When Our Soul is Downcast

Rain often brings disappointment. It spoiled many special occasions when I
was a child. The most disheartening was the annual outing to William Land
Park over Easter Vacation to picnic, visit the Sacramento Zoo, and Fairytale

When you are looking forward to something, only to have it canceled,
disappointment can be overwhelming.

On my wedding day, the venue was the garden at my parent’s home.
The ceremony was to take place on the expansive front lawn and afterwards
guests would gather at small tables throughout the yard for a buffet, wedding
cake with a champagne toast, and dancing to a band. However, rain spoiled
our plans. People did gather under umbrellas for our vows. And the pianist,
who escorted the bridal party to the altar, and the folk singer who sang a few
special songs, took shelter on the front porch. But the reception was moved
to a drab, local hall.

When you have developed a vision of the perfect scenario in your head, or
invested much time and creativity into the planning, changes are disappointing.

But if God is sovereign over the clouds in the sky and whether or not they
bring rain upon the earth what does my disappointment reveal?

These seem like minor disappointments but not to a young child or a bride on
her wedding day.

My tendency is to fight against emotions such as disappointment, to “keep a
stiff upper lip” or “keep my chin up,” which are just idioms that describe a
coverup. What God wants us to do when we are disheartened is to run to Him.
According to Merriam-Webster Dictionary, to be disheartened is to lose hope,
enthusiasm, or courage. To lose our spirit or morale.

In the Psalms, the descendants of Korah referred to such an outlook as a
“downcast soul.”

In 2 Corinthians chapter seven, the Apostle Paul speaks of circumstances that
cause him to battle emotions. But then he tells us something marvelous about
God. He says that God comforts the downcast. Paul was comforted when God
sent Titus with good news about a troubling matter. Many times, God has used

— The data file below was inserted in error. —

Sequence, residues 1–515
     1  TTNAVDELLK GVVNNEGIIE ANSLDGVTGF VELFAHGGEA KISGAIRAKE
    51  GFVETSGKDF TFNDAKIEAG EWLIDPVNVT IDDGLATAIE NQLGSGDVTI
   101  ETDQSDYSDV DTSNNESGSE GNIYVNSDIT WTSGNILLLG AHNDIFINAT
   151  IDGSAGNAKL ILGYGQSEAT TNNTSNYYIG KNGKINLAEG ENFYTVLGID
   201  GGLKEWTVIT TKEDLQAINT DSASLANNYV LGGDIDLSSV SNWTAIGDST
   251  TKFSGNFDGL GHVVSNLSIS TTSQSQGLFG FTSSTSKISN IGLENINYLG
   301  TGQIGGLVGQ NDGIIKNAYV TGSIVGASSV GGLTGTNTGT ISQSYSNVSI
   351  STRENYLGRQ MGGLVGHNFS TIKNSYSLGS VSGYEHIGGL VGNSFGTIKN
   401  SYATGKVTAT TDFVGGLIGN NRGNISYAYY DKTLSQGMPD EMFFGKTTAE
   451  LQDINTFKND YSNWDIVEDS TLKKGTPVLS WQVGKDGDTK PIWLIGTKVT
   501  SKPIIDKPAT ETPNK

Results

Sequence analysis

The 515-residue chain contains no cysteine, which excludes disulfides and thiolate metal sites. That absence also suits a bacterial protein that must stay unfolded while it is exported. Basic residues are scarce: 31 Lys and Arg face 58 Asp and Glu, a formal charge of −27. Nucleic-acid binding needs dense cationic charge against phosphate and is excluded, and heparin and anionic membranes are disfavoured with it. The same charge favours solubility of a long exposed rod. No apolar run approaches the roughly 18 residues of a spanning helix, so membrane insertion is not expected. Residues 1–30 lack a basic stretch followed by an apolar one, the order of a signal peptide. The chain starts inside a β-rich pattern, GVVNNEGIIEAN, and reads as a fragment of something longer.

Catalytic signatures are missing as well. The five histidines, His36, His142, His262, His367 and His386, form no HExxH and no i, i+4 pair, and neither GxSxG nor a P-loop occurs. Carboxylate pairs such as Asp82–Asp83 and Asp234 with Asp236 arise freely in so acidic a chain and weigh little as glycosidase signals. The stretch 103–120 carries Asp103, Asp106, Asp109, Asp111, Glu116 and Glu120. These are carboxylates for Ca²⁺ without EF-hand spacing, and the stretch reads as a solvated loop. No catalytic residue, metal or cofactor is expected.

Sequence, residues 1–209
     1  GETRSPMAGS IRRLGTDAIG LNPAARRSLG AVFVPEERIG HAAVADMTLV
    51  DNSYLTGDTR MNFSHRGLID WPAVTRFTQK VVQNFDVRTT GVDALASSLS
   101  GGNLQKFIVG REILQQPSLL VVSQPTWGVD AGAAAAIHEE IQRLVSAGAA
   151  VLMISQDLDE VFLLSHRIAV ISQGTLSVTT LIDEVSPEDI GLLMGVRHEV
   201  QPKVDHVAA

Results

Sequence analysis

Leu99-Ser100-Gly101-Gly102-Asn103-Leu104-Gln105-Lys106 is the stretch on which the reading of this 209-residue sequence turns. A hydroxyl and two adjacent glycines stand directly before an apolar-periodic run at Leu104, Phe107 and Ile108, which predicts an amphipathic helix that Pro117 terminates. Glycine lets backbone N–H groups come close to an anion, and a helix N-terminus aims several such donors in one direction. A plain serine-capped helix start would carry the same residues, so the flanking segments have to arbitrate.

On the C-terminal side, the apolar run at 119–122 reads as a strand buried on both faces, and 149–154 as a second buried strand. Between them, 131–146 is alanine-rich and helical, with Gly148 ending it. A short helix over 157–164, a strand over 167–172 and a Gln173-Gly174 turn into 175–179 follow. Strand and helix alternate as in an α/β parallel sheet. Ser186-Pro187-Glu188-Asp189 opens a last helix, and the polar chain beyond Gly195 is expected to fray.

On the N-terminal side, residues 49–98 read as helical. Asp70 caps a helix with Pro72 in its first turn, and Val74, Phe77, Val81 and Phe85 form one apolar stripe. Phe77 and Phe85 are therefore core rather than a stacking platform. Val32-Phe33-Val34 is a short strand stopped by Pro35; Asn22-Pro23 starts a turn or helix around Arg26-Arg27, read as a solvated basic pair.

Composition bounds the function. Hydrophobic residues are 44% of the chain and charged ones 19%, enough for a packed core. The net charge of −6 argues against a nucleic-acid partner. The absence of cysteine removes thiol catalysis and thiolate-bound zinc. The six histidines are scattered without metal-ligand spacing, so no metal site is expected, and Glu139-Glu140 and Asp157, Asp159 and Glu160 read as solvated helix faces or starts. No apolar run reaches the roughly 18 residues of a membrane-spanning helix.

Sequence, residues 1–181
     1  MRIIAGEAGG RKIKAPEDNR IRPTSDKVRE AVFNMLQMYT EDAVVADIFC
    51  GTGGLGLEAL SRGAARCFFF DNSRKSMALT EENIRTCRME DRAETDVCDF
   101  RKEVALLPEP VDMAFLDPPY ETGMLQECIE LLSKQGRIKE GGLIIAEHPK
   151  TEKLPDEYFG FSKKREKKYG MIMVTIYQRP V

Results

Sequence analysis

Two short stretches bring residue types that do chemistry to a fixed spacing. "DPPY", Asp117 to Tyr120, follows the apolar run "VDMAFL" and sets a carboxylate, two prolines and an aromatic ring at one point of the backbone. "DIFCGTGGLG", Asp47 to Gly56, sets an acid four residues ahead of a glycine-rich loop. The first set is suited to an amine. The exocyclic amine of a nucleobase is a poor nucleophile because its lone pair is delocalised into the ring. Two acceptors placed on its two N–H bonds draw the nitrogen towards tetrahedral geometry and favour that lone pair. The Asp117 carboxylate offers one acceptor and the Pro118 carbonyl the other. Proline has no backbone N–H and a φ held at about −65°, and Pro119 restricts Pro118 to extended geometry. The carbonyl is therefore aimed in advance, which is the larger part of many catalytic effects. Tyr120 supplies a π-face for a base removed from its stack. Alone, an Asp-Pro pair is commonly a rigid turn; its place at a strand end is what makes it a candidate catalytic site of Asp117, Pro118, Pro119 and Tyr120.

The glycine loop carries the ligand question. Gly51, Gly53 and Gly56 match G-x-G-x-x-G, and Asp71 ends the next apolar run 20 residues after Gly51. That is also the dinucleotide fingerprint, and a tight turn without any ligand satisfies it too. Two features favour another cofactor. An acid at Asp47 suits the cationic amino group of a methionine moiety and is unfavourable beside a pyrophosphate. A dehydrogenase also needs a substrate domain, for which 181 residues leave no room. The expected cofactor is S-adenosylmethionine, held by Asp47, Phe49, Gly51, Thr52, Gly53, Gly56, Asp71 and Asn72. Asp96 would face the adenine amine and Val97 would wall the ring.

people to restore my good mood. To know that when I am downcast I can count on
God to respond in love gives me great freedom to be myself, not denying or
suppressing what is in my heart.

We think we become more Christlike when we have some change from within.
For example, rain no longer disappoints us when it destroys our plans. But
perhaps Christlikeness more often comes when our perspective on God shifts
and we see Him for who He is.

When overcome with negative feelings and emotions the descendants of
Korah asked: “Why are you downcast, O my soul? Why so disturbed within
me?” (Psalm 42:5) They asked the question not to find the reason for their
emotions but to remind themselves they could trust God. “Hope in God,”
was their self-talk. There was no need to be downcast or disturbed for they
could count on God to show up in a way that would bring praises to their

Eugene Peterson expresses this idea well in THE MESSAGE: The Bible in
Contemporary Language.

Plasm 42:5
Why are you down in the dumps, dear soul?
Why are you crying the blues?
Fix my eyes on God-
soon I’ll be praising again.
He puts a smile on my face.
He’s my God.

Contemplate Your Ways:

1-What causes your soul to be downcast? 1 Thessalonians 5:18 exhorts us
to give thanks in all circumstances. Do we suppress our emotions in order
to do this or instead do we look at the attributes of God?

2-How has your view of God changed as you study the Bible and apply
God’s Word to your life?

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